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With any vector data loaded containing an elevation component, create an elevation grid by choosing this option in the Analysis Menu or using the Analysis Toolbar button. This is also available by right-clicking on layers in the Overlay Control Center, under the Analysis sub menu.
Using this dialog, you can configure how you want the elevation grid to be created using the selected vector data as well as what portion of the selected overlays to use when creating the elevation grid. You can also use the Tiling tab to specify that your data should be tiled in sections.
The Elevation Grid creation options will provide a larger dialog with additional options when Lidar Data is loaded.
Description - Layer name and description for the resulting Elevation Grid
Vertical Units - Specify the output elevation units for the grid.
Select the grid method you would like to use, the default is Triangulation. With the Lidar Module, Binning (Minimum Value, Average Value and Maximum Value) options are available.
This setting uses a triangulated irregular network connecting the known elevation values.
Binning is a processing data modification technique that takes point data
and creates a grid of polygons, or bins. The value of each bin or polygon
is representative of the point values within it. This will reducing the
number of data points and speeding up the grid, operation. While it will
speed up an operation, Binning changes the way data is shown at small
scales and can result in decreased accuracy, but will also reduce 'point
Binning lays a regular grid over the point cloud within
the defined boundaries of the operation. The minimum/ maximum/ average of
point elevations (or the value specified in Grid Type) in each bin rectangle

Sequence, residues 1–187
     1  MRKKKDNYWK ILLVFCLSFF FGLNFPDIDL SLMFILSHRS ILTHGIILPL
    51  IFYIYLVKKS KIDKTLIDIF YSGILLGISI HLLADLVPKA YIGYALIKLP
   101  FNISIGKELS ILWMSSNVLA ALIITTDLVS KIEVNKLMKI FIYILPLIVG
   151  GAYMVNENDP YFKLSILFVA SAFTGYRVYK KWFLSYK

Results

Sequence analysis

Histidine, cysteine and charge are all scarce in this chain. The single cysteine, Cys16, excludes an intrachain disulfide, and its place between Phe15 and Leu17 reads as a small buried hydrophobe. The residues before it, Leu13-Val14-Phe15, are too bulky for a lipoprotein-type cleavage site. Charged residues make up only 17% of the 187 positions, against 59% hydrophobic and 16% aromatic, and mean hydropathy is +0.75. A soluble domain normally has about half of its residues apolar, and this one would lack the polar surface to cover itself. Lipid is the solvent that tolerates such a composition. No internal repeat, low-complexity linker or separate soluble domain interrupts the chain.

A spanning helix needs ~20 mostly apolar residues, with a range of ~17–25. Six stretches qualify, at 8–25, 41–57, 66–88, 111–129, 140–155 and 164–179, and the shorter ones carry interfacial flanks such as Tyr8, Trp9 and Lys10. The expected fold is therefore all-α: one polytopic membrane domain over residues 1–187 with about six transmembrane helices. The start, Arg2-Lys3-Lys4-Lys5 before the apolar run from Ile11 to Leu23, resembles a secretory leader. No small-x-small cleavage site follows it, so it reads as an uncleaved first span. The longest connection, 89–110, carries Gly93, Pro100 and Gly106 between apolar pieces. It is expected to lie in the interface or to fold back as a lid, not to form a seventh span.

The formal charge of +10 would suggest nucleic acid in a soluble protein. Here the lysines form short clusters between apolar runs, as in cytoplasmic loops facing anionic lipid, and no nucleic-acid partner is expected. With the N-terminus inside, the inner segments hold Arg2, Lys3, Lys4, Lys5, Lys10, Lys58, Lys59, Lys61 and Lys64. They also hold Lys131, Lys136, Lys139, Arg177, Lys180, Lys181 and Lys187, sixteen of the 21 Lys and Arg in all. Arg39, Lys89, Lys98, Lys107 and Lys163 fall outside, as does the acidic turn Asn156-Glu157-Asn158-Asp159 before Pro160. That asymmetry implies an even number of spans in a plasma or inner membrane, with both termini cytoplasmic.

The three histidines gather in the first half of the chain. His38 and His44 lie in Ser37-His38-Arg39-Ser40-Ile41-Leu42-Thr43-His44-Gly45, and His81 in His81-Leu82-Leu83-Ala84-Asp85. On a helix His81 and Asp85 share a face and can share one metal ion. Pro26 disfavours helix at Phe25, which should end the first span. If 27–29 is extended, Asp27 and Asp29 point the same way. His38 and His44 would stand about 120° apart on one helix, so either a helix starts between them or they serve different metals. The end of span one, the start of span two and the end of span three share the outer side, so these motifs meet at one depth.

are found. An inverse weighted distance algorithm is used to fill in the
gaps, the Grid Tightness setting
allows you to customize how 'Loose' or 'Tight' the interpolation is. Make
the bins at least 2-3 point spacings apart to reduce/ eliminate the spikes
or troughs where just a single point is in a bin.
For bare earth/ ground points only (DTM), select Minimum. Use Maximum for
the highest level points (i.e. buildings and trees includes) for a DSM.
This option will appear when gridding Lidar data. Elevation Values is the default input. With the Lidar Module, grids may also be created from additional attributes of the 3D points.
With the Automatically Determine Optimal Grid Spacing option selected grid spacing calculations will be automatic.
With Lidar data loaded, the grid spacing may be calculated as a multiple of the calculated point spacings using the option Automatic Spacing Multiple of Point Spacings and specifying a point spacing value.
Alternately the Manually
Specify the Grid Spacing to Use option will allow you to select
the grid spacing to use.
This setting controls how far from a known data-point that an elevation grid cell has to be before it is considered invalid. A tight setting will only create grid cells close to known elevation values, and leave 'No Data' holes where the distance is too far. A loose setting will interpolate using the Grid Method to fill in all elevation values in the extent.
The Use 3D Area/Line Features as Breaklines (Soft Edge) option is available when gridding lidar data using a Binning Grid Method. The elevations of area and line features (in layers selected for use in the grid creation) will be enforced in the output elevation grid. This will burn the are and line features into the grid, using interpolation to smoothly transition to the surrounding elevation values based through the Soft Edge Distance.
This setting is useful for hydro-enforcement, to ensure that water modeling flows correctly through the terrain and water bodies appear flat. It may also be used to automatically flatten building sites, or to enforce
The input vector data may contain single elevation values for the feature (i.e. breaklines, contours, etc.), or may contain per vertex elevation values (i.e. streams, inclined area features, etc. ). Vector features with no elevation values, or elevation values relate to ground will be ignored. The line features will be burned into the elevation layer first followed by the area features.